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01.12.2017 | Research | Ausgabe 1/2017 Open Access

Radiation Oncology 1/2017

Preoperative radiotherapy improves survival in rectal signet-ring cell carcinoma-a population-based study

Zeitschrift:
Radiation Oncology > Ausgabe 1/2017
Autoren:
San-Gang Wu, Wen-Wen Zhang, Jia-Yuan Sun, Zhen-Yu He, Guo-Qiang Su, Feng-Yan Li
Abbreviations
ANOVA
Analysis of variance
CCRT
Concurrent chemoradiation therapy
CI
Confidence interval
CRC
Colorectal cancer
CSS
Cause-specific survival
HI
Hazard ratio
pCR
Pathological complete response
PLNs
Positive lymph nodes
RLNs
Removed lymph nodes
RT
Radiotherapy
SEER
Surveillance, Epidemiology, and End Results
SRCC
Signet-ring cell carcinoma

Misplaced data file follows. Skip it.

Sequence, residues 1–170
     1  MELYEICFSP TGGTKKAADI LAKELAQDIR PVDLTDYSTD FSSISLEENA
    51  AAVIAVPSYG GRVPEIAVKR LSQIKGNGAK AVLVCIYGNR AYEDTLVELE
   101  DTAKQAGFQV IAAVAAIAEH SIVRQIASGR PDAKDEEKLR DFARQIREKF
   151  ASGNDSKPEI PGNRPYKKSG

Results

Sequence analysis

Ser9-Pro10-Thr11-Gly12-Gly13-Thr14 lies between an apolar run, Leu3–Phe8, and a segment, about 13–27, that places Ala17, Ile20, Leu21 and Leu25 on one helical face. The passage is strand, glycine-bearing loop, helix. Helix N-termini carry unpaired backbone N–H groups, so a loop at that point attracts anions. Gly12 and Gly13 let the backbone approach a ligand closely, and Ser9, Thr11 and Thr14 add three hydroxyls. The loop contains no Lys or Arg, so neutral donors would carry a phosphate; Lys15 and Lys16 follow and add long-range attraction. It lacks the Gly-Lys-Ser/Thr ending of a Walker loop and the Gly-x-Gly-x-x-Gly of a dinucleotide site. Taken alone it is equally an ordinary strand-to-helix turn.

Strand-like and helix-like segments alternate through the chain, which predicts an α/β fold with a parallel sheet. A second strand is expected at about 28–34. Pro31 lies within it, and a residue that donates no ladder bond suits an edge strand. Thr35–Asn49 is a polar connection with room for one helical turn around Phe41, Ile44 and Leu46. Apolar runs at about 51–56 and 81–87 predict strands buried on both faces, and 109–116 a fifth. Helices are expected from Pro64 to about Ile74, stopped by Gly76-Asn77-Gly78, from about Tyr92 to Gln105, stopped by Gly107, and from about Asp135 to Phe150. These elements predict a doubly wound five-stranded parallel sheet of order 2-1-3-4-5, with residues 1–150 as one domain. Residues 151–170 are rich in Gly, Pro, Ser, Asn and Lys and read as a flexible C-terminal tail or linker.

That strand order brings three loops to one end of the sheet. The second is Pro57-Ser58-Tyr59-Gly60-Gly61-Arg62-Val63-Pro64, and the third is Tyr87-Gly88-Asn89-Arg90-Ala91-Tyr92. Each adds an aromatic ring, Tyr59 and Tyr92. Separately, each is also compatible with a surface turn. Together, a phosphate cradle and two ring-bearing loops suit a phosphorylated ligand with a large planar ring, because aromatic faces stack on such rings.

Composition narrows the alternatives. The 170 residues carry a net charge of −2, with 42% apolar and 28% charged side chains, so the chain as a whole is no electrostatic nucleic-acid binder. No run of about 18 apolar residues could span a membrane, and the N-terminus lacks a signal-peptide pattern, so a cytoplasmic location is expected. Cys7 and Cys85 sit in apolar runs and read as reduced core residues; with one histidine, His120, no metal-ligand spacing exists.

Background

Colorectal cancer (CRC) is one of the commonest cancers worldwide, and a variety of histological subtypes have been reported [1, 2]. Signet-ring cell carcinoma (SRCC) is a rare variant of adenocarcinoma, found in approximately 1% of all CRC patients and presents with abundant intracellular mucin in more than 50% of tumor cells, rendering their signet-ring appearance [36]. SRCC histology is considered an adverse risk factor in esophageal, stomach, and breast cancer [79]. Due to its rarity SRCC has been investigated in a limited number of studies with small samples of patients. SRCC is associated with a poor prognosis and higher risk of death compared with colorectal adenocarcinoma without signet-cell histology [3, 5, 6, 1012].